Are “we” afraid of the police?

Imagine a petulant child and the mother who, instead of rebuking them for the wrong they do, she praises them in what can only be seen as some sort of home-spun reverse psychology.  Never mind that the youngster generally gets their way, the mother nevertheless lets them do the parenting in the hopes of avoiding a scene, which unfortunately always unfolds.

Does it sound familiar?  It should because that’s sort of what’s happening in New York between Mayor de Blasio and the rank and file of the NYPD.

There’s only so much praise that can be stomached before I ask myself, why are we going overboard with this?  Not that it’s a bad thing to give kudos to cops but we, as citizens, really haven’t done anything wrong hat we need to apologize for and it’s not like officers wear their hearts on their sleeves and need that sort of thing.  On the other hand, if you’re concerned about a small paramilitary force going off on the citizenry and you’re having little to do to prevent it then yes, I’d be praising them to no end as well.

Like that mother who was trying to avoid a scene with her bad kid, what began as damage control for a newly-elected mayor has turned into a virtual love fest for the men and women in blue.

It’s so much so that I think it bears the question, are we afraid of the police, and by “we” I mean, people other than minorities.   People in high places.

That Blacks and Hispanics are “concerned” with the treatment they receive at the hands of the police and the court system has been well documented.   Fifty-nine percent of Blacks and fifty-four percent of Hispanics expect the police to use excessive force compared to only twenty-four percent of Whites who don’t. (Pew Research Center)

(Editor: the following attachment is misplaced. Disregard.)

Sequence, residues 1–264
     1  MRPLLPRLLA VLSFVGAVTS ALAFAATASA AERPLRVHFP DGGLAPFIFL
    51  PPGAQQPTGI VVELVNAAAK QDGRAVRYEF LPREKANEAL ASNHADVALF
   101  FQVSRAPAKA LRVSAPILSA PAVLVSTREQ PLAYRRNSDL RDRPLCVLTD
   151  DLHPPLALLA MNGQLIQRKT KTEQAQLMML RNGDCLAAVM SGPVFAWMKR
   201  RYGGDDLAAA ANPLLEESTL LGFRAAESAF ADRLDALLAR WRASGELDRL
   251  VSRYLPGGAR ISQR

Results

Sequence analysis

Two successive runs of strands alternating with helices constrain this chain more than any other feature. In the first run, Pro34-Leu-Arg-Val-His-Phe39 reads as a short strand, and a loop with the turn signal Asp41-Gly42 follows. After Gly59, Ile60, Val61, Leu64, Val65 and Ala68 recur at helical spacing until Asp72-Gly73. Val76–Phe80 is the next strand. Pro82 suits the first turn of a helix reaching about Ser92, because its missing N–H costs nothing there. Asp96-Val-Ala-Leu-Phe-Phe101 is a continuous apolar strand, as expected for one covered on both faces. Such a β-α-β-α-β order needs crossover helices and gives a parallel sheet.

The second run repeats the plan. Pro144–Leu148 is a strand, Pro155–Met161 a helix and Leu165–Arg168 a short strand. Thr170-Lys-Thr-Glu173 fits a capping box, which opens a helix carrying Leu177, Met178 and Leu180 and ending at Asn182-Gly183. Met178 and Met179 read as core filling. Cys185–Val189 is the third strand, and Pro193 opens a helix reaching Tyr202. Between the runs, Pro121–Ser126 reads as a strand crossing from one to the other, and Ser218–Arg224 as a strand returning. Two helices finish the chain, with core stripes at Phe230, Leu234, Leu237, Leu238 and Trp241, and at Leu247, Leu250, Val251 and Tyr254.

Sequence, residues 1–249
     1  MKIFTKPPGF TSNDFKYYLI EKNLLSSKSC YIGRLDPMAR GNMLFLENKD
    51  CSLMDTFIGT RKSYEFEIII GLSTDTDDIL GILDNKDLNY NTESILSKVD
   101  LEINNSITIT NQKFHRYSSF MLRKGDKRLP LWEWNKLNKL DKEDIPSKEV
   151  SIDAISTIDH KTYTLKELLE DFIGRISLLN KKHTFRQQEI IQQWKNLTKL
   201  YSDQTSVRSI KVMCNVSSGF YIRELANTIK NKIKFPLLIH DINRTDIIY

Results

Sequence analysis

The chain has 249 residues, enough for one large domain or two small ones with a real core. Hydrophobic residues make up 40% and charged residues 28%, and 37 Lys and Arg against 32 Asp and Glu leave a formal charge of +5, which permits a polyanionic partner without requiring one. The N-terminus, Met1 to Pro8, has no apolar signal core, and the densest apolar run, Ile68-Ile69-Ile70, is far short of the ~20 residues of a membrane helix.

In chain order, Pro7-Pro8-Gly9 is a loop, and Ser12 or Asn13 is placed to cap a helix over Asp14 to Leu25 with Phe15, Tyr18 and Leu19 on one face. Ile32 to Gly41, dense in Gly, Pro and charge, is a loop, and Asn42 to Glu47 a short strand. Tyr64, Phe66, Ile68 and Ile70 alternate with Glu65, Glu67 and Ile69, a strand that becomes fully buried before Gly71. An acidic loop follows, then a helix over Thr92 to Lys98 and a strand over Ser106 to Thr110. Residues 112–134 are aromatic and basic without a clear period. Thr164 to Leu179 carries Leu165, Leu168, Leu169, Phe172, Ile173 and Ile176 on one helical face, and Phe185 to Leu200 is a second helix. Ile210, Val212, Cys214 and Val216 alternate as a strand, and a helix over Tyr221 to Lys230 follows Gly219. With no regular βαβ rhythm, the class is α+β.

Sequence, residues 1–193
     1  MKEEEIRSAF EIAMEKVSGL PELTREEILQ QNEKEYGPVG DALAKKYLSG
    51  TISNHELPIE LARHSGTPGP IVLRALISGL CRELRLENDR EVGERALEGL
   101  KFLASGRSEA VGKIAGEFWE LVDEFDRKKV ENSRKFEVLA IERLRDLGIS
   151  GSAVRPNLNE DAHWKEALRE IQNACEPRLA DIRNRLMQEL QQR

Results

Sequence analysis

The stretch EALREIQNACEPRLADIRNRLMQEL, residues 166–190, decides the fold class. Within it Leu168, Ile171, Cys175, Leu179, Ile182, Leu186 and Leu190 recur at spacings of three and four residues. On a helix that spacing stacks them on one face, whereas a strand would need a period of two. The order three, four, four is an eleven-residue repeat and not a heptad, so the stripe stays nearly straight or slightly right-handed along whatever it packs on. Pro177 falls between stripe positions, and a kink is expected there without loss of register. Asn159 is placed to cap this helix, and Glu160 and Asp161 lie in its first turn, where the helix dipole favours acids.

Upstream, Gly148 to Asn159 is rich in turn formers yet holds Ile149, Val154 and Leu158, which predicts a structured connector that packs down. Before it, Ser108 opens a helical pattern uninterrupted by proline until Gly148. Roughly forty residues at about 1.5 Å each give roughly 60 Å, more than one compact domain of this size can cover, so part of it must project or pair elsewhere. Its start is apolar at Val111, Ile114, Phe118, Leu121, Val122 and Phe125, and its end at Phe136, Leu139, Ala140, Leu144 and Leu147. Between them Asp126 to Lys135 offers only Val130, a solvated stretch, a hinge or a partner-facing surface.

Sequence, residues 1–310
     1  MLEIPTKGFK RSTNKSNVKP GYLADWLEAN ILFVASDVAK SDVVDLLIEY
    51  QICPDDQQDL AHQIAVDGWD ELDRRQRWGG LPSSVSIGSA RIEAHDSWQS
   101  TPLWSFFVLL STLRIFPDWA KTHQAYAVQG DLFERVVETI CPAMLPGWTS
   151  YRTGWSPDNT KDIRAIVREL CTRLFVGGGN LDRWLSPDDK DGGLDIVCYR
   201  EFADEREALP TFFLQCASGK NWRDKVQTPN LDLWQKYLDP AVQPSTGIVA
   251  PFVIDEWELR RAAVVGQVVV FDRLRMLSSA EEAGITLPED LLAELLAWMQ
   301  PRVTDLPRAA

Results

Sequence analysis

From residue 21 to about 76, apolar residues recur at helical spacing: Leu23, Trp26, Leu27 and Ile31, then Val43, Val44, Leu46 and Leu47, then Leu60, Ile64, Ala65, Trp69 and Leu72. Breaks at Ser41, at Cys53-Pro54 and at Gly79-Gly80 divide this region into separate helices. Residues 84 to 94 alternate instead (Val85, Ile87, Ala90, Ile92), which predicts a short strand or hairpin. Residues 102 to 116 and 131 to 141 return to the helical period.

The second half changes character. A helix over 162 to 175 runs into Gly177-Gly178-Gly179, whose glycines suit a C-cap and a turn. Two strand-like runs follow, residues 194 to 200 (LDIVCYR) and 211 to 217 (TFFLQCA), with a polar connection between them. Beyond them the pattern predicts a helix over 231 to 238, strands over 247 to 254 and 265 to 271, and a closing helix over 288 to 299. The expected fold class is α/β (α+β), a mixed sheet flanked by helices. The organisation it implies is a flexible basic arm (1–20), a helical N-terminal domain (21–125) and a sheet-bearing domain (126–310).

But now I think others are becoming “concerned” also.  Take what the mayor said about last night’s shooting of the two NYPD officers responding to a burglary call as an example.

“These officers did something that was extraordinarily brave this evening”, the mayor spoke to reporters about 230 in the morning.  He said that instead of leaving at the end of their shifts, they “went back out in search of those criminals”.

Now, maybe it’s me but police routinely do something brave every single day, every hour of their shift. And while more public recognition is definitely warranted, there can be too much of a good thing.  It can create a sense of empowerment. And I think it’s that possibly impending empowerment that has some worried.

What’s the plan if the police, all or a portion, go “rogue”?  You can’t tell me they haven’t at least tacitly discussed it behind closed doors.  Imagine hundreds of petulant children, armed to the teeth with the latest in military surplus and bestowed with the best training money can buy, throwing a hissy-fit because nobody wants to be their friend.

It’s probably what keeps the mayor and some others up at night, secretly.

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